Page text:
22. 22. The example in Box 13 illustrates how demographic data can be used to model a conflict situation. Baseline analysis can also be used to model the impact of natural hazards. Box 14 presents the example of the Atlas for Disaster Preparedness and Response in the Limpopo Basin in southern Mozambique.19 The final method used to develop scenarios is response analysis. This method, which is used to generate operationally representative scenarios, is common among emergency services in developed countries, which systematise their planning for common response scenarios using all-hazards planning. Emergency service planning tends to operate on the ‘80 percent rule’, which states that 80% of the tasks performed in an emergency are the same for any given organisation. This works well for emergency medical and fire services that face similar situations regularly. Humanitarian agencies, however, tend to confront very different, and often unique, circumstances, which require tailored responses. That said, understanding when response operations are similar in scope – and when they are not – can help contingency planners develop more flexible contingency plans. For humanitarian planners, response analysis involves identifying the types of response that would be required under different circumstances. This can often only be done after a set of scenarios and some preliminary planning have already been completed using other techniques. The objective is to identify situations where the parameters of the response are similar enough that planning for them together makes sense. This method is used to develop operationally representative scenarios. This type of analysis was used to plan health responses in Ethiopia (Box 15, p. 21). Developing scenarios In practice, many contingency planning exercises become bogged down in scenario development as planners try to disentangle the inevitable uncertainties inherent in pre- dicting the future. Ultimately, this can lead to a counter- productive process, where little real planning is conducted and an overly complicated set of scenarios is developed to satisfy the opinions of different planners. WFP’s contingency planning guidelines recommend no more than five scenarios; two or three are typical. If a good process has been followed, especially one where planners have focused on defining the objectives, scope, process and outputs, scenario develop- ment can be a productive and efficient process. Defining the scope and function of scenarios When developing a scenario, planners should always keep in mind the fundamental purpose of a scenario – a foundation for making planning decisions. Planners need to identify the level of detail and types of information that the scenario has to have in order to develop a plan. As a general rule, scenarios should have just enough detail to permit planning and to communicate to others the anticipated conditions; additional detail is usually superfluous. When contingency planners fail to clearly establish the parameters of their scenarios, they often fall into the scenario trap. In addition to defining the level of detail and type of information needed in the scenario, from the outset it is good practice to consider and define the method and approach that will be most effective for each situation. While the approach will almost always be a hybrid of different elements and will evolve along the way, considering this at the beginning of the process can save time and focus efforts. However, planners should be careful not to dwell too much on this question as it could become a diversion into theoretical discussions and so impede actual planning. Flexible and adaptable scenarios support the most useful planning, especially when the time comes to implement a contingency plan. A simple way to ensure adequate preparation for scenario- building is to develop a scenario outline before starting. This can either be done as a separate exercise or as part of a comprehensive outline process for the whole contingency plan. Scenarios for appropriate humanitarian response Scenarios contain assumptions about many different aspects of a humanitarian crisis, including causes and potential impacts. Often, humanitarian contingency plans jump from crisis to beneficiary caseloads. For example, ‘in a flood, 100,000 people will need food aid’. While this may be true, in many contingency plans insufficient attention is paid to the Contingency planning and humanitarian action: a review of practice 1188 Box 12 Using assessments to develop scenarios in Ethiopia Between 2002 and 2004, the Ethiopian government and its UN, NGO and donor partners conducted an assessment in August and September each year which produced scenarios detailing emergency food needs for the following year. To conduct the assessment, multi- agency teams were deployed throughout the country. Provided with a standard briefing, checklists and report formats, each team conducted an on-the-ground assessment of current humanitarian conditions, and discussed potential needs with local and regional officials. What would happen if the rainy season finished early, on time or late? How many people would be food- insecure if the crops failed? The results of these assessments formed the basis for the national contingency planning exercise. The assessments were also used in the annual appeal issued jointly by the government and the UN, and to adjust emergency programmes during the last quarter of the year.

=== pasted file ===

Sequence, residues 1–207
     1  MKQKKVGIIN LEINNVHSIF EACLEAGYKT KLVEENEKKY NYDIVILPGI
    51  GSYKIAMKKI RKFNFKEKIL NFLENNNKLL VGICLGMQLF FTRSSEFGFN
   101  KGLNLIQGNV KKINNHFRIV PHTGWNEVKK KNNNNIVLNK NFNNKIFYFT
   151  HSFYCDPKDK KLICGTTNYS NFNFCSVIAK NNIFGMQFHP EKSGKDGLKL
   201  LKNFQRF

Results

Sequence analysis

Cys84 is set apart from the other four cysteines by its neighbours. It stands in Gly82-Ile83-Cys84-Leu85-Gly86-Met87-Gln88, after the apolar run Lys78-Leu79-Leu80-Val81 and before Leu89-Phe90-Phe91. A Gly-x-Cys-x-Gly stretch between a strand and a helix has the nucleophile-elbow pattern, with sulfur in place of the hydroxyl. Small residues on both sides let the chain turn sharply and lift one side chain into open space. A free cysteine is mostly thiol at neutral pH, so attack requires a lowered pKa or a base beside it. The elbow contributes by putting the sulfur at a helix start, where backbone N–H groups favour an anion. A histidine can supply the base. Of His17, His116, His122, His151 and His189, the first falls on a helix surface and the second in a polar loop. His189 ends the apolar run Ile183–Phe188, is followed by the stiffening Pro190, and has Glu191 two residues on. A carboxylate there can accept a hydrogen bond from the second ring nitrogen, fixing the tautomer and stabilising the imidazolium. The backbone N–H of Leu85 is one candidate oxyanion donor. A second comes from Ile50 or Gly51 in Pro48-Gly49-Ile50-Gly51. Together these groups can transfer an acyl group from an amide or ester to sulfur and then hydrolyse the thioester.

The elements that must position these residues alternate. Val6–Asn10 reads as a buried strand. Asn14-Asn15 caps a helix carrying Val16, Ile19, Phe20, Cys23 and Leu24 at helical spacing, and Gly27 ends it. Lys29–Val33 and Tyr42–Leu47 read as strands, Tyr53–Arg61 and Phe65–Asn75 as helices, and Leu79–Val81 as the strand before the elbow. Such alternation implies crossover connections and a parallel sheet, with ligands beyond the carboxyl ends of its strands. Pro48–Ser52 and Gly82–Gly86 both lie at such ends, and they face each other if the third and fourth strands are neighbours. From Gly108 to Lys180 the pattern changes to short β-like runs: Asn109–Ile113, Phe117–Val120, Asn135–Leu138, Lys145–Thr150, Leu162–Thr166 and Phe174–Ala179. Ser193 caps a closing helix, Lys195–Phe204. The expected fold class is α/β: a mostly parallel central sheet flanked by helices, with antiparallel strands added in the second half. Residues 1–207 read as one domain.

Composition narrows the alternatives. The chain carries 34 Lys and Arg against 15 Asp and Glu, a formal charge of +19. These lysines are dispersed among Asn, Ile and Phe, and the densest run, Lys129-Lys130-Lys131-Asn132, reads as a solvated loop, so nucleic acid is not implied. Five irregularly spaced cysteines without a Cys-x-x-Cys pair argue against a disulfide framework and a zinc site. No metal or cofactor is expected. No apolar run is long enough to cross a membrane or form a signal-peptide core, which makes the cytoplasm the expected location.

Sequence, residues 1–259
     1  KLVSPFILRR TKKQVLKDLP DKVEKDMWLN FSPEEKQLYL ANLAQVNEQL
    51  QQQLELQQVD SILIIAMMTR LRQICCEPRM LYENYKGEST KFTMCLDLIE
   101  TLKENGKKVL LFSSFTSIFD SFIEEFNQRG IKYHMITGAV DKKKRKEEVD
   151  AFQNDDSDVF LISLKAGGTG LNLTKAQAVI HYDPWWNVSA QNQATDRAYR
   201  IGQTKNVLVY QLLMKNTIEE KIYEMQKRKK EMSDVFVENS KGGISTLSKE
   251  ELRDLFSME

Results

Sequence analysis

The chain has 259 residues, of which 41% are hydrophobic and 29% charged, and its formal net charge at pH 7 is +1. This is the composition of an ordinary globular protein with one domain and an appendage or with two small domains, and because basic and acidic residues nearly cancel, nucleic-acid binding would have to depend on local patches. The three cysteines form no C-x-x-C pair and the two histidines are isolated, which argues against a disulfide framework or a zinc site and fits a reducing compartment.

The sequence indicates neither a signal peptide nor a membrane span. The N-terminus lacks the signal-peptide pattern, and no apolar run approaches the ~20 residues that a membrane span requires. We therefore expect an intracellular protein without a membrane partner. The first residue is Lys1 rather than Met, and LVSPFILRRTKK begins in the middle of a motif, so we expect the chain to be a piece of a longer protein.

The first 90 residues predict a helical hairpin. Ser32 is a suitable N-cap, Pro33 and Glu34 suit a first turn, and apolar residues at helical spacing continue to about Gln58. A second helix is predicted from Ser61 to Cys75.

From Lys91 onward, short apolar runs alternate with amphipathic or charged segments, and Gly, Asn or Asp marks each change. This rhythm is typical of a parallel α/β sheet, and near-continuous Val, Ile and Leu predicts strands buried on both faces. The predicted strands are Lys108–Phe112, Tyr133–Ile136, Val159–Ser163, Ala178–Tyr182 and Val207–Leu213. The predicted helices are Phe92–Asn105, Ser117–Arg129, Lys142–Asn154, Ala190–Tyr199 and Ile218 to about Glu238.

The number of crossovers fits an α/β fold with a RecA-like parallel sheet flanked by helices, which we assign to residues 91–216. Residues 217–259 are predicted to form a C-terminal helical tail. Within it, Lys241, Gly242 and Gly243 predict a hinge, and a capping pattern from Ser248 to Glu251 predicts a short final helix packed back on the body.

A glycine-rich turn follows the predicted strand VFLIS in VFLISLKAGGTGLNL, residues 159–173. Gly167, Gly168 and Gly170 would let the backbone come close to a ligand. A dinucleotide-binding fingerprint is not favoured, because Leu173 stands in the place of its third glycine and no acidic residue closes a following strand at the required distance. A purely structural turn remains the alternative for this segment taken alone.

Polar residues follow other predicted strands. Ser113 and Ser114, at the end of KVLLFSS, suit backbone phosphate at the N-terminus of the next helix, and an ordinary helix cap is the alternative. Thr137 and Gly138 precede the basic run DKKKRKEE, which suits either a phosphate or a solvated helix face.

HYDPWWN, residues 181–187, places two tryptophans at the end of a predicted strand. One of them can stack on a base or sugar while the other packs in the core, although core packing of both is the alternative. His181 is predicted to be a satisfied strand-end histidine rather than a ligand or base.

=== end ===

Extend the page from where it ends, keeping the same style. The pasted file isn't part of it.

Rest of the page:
23. 23. Chapter 4 Developing scenarios 1199 Box 13 Using census data to develop scenarios for displacement in the Former Yugoslav Republic of Macedonia20 When conflict broke out in Macedonia in 2001, contingency planning for another Balkan tragedy began. At the root of conflict were tensions between the Macedonian Albanian minority and the Slav majority. Contingency planners in the UN needed to know the areas of the country most at risk during a projected conflict, as well as the number of people in these areas who might be affected. To provide this information, UNICEF used census data, disaggregated by ethnic group, to produce a map showing the distribution of the main ethnic groups within Macedonia, including areas of significant co-location. The next step in the analysis was to quantify levels of displacement. This was done by using current trends as a basis for projections. These projections were then regularly updated as part of a continuing contingency planning process. Finally, the analysis was used to develop assumptions about the conditions inside the country in a worst-case scenario. Based on the co-location of ethnic groups and previous experience in the region, it was expected that the conflict would result in the geographical separation of ethnic groups within the country, and in intense fighting in areas of mixed ethnic concentration. A map (shown below) was produced to illustrate where this separation was likely to happen; urban areas, where fierce conflict was thought likely, are also shown. In the event, the conflict was quickly brought under control and the worst- case scenario did not materialise. This example is nevertheless a good case study of how to use population data to model displacement for scenario-building. Key: Line of ethnic separation; Light grey areas: where ethnic violence was expected Source: UNICEF Skopje Skopje Tetovo Gostivar Dehar Struga Kicevo Brod Sveti Nikole Stip Negotino Kavadarci Bitola Ohrid Resen Demir Hisar Krusevo Radovis Valandovo Veles Govgelija Prilep Strumica Berovo Delcevo Kocani Vinica Kratovo Kunianovo Kriva Palanka